This webinar will explore the challenges responsible businesses can face when addressing gender-based discrimination and promoting gender equality in their operations and supply chains. In particular, the webinar will examine how companies can responsibly navigate this issue where local cultural, legal and/or business norms permit or promote discrimination. The webinar will also explore a range of relevant good practice – including the integration of the Women’s Empowerment Principles, a joint initiative of the Global Compact and UN Women, into business policies and practices – as well as examples of multi-national companies that have addressed this issue.
Embedding corporate sustainability goals and objectives throughout the value chain remains a significant challenge for businesses around the world from all sectors. This webinar will focus on the gender dimension of responsible value chain management and highlight the specific challenges and opportunities faced by companies. Principle 5 of the Women's Empowerment Principles -- which encourages companies to implement enterprise development, supply chain and marketing practices that empower women -- will provide a starting point for discussion. Company experiences, new programmes and engagement opportunities aimed at assisting companies to better apply a gender lens to their responsible value chain strategies will be presented.
Many business leaders worldwide support inclusion and diversity, and a number of organizations are raising unconscious bias awareness in an effort to foster an inclusive culture. Tackling bias through training sessions on unconscious bias are an important step but far from enough. This webinar will look at practical interventions called 'Inclusion Nudges' that passively and actively ‘push’ the unconscious mind to help the brain make better decisions and promote more inclusive behaviour - that will stick. The purpose of Inclusion Nudges is to motivate, steer, empower and outsmart the brain towards more objective evaluations and decision in the employee life cycle that will promote gender equality and inclusion of diversity. Ms. Tinna C. Nielsen, Global Head of Diversity, Inclusion & Collaboration at Arla Foods and Ms. Lisa Kepinski, Founder & CEO of Inclusion-Institute will share their concept and how Inclusion Nudges work and have been proven to work in various organizations globally.
Empowering women to participate in full and productive employment is essential to expand economic growth, promote social and sustainable development and enhance business performance. However, the positive impacts of women-focused employment practices on firms, communities and the economy are often under appreciated. Co-hosted by the UN Global Compact, the International Finance Corporation, and the International Labour Organization, this webinar presents the latest research on the business case for gender diversity in the workplace. The discussions highlight the key challenges and opportunities for advancing women’s employment and retention and present key engagement opportunities to further promote gender equality including the Women's Empowerment Principles and WINvest.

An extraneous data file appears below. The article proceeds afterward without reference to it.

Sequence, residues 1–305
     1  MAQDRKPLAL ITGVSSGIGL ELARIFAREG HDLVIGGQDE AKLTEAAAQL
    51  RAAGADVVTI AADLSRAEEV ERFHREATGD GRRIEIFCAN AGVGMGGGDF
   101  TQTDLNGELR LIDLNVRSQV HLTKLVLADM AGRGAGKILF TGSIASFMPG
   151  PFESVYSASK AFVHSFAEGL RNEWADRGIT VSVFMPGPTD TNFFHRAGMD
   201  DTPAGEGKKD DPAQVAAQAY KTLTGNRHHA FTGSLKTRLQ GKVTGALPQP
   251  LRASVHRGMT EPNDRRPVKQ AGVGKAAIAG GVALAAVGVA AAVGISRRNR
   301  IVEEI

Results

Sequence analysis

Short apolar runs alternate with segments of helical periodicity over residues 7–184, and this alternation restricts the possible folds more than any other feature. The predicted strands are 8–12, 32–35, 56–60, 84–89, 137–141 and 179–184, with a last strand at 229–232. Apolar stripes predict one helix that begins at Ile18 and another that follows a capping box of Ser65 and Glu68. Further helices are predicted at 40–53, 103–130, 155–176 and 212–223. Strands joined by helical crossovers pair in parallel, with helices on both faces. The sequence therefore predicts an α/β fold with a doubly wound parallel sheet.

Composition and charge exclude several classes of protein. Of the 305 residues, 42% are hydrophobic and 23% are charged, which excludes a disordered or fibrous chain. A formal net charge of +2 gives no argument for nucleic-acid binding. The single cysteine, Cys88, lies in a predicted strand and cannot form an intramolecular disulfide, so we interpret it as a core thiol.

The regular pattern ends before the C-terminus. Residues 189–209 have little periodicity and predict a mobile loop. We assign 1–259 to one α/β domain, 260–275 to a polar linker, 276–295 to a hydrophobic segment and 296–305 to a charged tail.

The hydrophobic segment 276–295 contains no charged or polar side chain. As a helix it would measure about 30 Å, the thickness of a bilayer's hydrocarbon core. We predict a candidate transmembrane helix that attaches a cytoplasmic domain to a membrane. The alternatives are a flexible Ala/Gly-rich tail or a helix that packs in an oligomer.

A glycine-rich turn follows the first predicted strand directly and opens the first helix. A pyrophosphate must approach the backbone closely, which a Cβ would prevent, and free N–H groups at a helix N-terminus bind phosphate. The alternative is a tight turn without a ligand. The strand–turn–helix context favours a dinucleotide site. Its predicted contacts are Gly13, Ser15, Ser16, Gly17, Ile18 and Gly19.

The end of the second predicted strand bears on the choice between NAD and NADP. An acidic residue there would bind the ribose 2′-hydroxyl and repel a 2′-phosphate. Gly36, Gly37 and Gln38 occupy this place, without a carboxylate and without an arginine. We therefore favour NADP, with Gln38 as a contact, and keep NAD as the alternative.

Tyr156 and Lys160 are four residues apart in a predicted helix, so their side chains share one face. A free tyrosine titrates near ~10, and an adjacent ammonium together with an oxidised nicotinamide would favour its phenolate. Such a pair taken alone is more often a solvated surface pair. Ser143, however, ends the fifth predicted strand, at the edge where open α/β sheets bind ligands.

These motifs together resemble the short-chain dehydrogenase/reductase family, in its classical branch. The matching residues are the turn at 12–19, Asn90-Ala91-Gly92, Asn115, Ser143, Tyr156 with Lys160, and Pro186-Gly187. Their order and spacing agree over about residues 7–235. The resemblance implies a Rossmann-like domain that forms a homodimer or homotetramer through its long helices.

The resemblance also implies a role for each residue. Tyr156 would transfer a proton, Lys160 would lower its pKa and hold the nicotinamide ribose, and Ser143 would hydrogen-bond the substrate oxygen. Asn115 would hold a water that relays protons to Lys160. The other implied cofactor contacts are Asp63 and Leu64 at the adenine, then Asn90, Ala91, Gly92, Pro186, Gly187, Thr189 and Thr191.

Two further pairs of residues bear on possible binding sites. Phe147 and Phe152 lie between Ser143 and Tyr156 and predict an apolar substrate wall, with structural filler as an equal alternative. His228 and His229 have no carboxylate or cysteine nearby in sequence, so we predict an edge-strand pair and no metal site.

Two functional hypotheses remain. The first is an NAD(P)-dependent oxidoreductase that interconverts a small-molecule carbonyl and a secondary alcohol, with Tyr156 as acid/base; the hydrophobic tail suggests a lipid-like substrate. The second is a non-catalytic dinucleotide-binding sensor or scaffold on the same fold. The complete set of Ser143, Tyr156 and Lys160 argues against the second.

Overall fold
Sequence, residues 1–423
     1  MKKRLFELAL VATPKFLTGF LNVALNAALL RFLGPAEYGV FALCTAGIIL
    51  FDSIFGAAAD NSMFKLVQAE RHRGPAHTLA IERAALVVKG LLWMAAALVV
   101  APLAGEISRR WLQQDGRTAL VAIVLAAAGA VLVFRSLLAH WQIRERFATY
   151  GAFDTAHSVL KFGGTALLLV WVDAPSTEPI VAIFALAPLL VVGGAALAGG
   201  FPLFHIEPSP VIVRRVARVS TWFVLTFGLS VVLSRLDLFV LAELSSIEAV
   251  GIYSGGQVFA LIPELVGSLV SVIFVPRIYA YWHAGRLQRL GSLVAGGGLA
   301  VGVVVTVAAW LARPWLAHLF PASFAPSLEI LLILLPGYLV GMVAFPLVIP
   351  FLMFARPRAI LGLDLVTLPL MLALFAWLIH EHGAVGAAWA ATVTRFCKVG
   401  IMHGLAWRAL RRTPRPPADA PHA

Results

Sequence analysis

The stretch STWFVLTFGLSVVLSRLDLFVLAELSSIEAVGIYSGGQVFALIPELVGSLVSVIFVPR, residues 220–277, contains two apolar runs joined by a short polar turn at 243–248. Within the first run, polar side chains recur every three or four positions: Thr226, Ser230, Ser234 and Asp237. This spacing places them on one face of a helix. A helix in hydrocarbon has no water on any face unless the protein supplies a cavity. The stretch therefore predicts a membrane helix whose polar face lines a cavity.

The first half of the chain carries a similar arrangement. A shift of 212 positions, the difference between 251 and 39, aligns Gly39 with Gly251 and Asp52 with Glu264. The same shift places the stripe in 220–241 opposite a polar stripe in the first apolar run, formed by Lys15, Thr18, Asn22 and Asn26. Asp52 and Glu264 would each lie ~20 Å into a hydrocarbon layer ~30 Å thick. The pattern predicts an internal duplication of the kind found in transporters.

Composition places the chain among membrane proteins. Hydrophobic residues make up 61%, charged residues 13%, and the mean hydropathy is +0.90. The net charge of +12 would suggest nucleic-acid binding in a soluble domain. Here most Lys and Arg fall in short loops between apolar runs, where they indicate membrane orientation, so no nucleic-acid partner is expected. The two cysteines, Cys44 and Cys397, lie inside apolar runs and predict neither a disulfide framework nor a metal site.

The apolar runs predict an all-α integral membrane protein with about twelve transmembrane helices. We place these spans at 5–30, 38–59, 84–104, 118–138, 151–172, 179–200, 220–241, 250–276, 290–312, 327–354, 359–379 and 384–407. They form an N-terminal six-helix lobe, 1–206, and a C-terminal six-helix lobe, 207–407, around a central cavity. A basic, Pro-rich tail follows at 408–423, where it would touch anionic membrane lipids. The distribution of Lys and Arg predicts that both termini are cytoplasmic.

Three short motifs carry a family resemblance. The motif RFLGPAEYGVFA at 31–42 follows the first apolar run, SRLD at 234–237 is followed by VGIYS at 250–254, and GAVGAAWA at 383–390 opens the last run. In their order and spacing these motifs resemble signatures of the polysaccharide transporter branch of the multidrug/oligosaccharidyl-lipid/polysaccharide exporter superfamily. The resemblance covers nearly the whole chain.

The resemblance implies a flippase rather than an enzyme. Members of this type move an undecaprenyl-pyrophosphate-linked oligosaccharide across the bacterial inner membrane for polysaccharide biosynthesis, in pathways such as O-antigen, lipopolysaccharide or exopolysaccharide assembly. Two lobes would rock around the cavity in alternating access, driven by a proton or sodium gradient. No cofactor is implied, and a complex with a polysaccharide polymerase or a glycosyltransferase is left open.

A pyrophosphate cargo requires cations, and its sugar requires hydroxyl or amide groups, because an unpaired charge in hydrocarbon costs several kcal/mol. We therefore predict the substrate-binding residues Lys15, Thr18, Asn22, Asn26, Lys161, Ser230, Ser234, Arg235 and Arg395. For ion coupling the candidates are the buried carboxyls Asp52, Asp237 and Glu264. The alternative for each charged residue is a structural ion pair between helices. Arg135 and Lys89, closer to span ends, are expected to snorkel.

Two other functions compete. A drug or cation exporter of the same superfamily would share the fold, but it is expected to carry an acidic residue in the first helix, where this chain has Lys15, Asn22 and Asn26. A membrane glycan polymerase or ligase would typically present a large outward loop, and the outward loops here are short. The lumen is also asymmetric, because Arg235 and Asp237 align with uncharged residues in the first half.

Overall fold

Co-convened by the UN Global Compact, the International Trade Centre, WEConnect International and BPW International, this webinar explores the "why" and "how" of sourcing from women-owned businesses. Principle 5 of the Women's Empowerment Principles, which encourages companies to expand their business relationships with women-owned businesses provides the foundation to explore why inclusive sourcing makes good business sense and is a key pillar of sustainable procurement.
This webinar introduces examples of innovative approaches to empowering women in the workplace, marketplace and community by focusing on women's health initiatives in the private sector. These inspirational examples illustrate some of the concrete ways in which companies can and are taking action to implement the Women's Empowerment Principles (WEPs).
Companies and investors alike have been paying increasing attention to the business case for having robust diversity and gender equality policies and practices. This webinar brings together Global Compact participants and signatories of Principles for Responsible Investment to take stock of the growth and impact of the Women's Empowerment Principles initiative to date. To highlight the investment opportunity of gender equity, Catalyst, a leading nonporfit organization working to expand opportunities for women and business, presents cutting-edge research that supports the business case and Pax World Investments and Calvert Investments, investment management companies, discuss how the investor community can help advance gender equality and women's empowerment by encouraging companies to embrace the WEPs.
Co-hosted by the UN Global Compact, UN Women, GBCHealth and the RAISE Health Initiative, this webinar will explore leading practices in meeting the health needs of women workers in the workplace of supplier factories and corporate subsidiaries. It will feature a panel discussion describing activities that can enable companies to achieve gender-specific development goals and to respect and support human rights. These include the Family Planning 2020 Goals, the Millennium Development Goals, Women’s Empowerment Principles and the UN Guiding Principles on Business and Human Rights.